At the Upper Elementary level the child continues in the development of a cosmic vision of the origin and interdependence of life, of partnership and cooperation, and of each part of creation possessing its unique and critically important task. In short, the Upper Elementary curriculum extends the exploration of and appreciation for the vast array of human differences — cultural, geographic, political, and economic. The nine to twelve year old at this new stage of intellectual and social awareness and ability is able to more fully comprehend, and act upon, through study and service, the guiding premise that humanity is rooted in a common set of fundamental needs. The Montessori cultural curriculum, through its integrated historic, scientific, and geographic progression, carries forth the story of life to focus on the coming of humans and the ensuing rise of civilizations. It strives to nurture reverence and instill a lifelong sense of wonder for the grandeur and mystery of life, and, most importantly to assist the child in gaining an appreciation for his or her special role therein.


In music, the primary areas of focus are singing, dancing and movement, listening, singing and rhythm games, composition and improvisation. The goal is to combine musical skill building with the elements of spontaneity, improvisation, and creativity. In addition to the general music classes, there are a variety of ensemble groups to choose from, including recorder, percussion, and jazz/pop classes. Here students develop skills in small group musical interaction, improvisation, ensemble playing, and music reading. Musical work in the UE also plays a significant role in the classes annual performance, at all school gatherings, the community dinner, and “sharing” performances for the lower el and primary classes.



The goals of the Upper Elementary Art program are to strengthen visual awareness, aesthetic appreciation, creative expression, and imaginative thinking. Students refine technical skills and make in-depth explorations with elements and principles of visual design. Structured lessons are designed to promote individual initiative and the development of a personal style. Art is also an integral part of the academic program, with projects designed to enhance classroom studies.

The art program also includes the exposure to, and discussion of, reproductions of works of art, and an annual visit to the Brattleboro Museum. These activities help students connect their art making to a wider social and historical context. Finally, the art classes implicitly and explicitly promote awareness of the natural work as a source of imagery and inspiration, establishing a bridge to issues of environmental protection. Outdoor art expeditions to farm, river and orchard reinforce this idea.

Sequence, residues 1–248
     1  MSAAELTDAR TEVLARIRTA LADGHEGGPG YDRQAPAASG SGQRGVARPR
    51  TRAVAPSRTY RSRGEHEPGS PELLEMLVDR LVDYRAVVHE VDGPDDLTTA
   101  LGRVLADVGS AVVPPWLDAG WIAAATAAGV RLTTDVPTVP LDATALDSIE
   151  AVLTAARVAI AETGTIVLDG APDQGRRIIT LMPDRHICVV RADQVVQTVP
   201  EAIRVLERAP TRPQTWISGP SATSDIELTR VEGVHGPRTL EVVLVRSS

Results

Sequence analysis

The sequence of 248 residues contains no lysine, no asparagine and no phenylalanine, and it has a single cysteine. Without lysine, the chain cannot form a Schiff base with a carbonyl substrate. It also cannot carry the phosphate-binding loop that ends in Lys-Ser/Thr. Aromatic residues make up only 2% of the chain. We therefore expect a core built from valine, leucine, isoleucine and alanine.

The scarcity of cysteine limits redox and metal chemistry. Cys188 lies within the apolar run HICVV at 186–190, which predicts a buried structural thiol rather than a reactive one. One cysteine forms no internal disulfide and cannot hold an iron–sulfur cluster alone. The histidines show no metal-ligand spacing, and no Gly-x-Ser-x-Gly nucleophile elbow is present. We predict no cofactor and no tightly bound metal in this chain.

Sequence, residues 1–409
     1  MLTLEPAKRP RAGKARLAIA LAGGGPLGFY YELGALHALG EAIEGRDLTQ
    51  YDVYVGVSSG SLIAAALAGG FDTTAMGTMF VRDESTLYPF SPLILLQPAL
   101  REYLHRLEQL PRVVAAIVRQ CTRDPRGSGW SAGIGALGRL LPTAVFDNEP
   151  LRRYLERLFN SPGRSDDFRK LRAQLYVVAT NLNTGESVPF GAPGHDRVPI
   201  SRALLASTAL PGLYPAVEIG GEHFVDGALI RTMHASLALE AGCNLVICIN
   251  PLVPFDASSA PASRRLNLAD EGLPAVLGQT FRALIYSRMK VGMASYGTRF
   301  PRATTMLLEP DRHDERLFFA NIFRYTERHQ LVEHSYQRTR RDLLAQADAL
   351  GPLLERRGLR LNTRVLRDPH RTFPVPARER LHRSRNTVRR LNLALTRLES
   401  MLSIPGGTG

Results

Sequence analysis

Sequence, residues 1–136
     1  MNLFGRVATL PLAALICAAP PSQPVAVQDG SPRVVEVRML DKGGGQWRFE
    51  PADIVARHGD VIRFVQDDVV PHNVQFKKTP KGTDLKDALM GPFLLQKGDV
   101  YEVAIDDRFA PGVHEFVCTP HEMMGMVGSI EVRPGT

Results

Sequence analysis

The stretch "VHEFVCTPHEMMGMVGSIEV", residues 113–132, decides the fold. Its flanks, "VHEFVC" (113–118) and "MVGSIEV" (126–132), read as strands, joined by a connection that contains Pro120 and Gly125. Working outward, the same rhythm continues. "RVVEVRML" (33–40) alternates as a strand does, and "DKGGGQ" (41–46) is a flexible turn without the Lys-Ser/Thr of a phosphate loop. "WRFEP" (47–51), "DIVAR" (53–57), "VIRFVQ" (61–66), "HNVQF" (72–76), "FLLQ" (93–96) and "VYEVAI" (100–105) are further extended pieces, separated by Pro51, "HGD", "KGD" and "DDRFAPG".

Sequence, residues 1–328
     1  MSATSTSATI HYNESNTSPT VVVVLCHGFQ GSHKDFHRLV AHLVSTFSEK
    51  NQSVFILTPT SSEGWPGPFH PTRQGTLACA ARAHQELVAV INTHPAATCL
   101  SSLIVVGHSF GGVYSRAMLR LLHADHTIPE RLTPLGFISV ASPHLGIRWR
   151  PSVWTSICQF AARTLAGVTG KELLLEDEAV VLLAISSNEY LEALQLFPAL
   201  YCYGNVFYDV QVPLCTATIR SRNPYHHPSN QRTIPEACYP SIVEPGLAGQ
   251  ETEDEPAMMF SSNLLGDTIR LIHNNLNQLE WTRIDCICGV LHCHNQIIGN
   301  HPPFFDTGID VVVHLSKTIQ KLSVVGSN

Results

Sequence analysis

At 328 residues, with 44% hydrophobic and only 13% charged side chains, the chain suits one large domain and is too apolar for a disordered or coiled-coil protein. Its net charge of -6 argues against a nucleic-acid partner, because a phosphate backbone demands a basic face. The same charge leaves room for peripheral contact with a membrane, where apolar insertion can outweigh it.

Physical Education

The Physical Education program at Hilltop is guided by the seven components of physical fitness: speed, agility, strength, power, endurance, flexibility and coordination. Within the scope of a semester all P.E.   activities address one or more of these components. Careful focus on attaining competency in all areas over time will ensure that a student is successful in achieving a healthy fitness level. For as fitness improves so does the level of skill development.

For the 9-12 year olds these skills include Ultimate Frisbee, soccer, track and field, volleyball, tumbling, badminton, pilo polo, dance, circus skills, lacrosse, softball and mile run training.



“I love that Montessori education builds on children’s natural curiosity, feeding it with interesting lessons, then allowing the child to run with it. As the children learn to take responsibility for themselves in the classroom, they really become co-collaborators in their learning. ”
— Jennifer Hed
The Toddler Program
Ages 18–36 months
Children’s House
Ages 3–6
Lower Elementary
Ages 6–9
Upper Elementary
Ages 9–12
Middle School
Ages 12 –14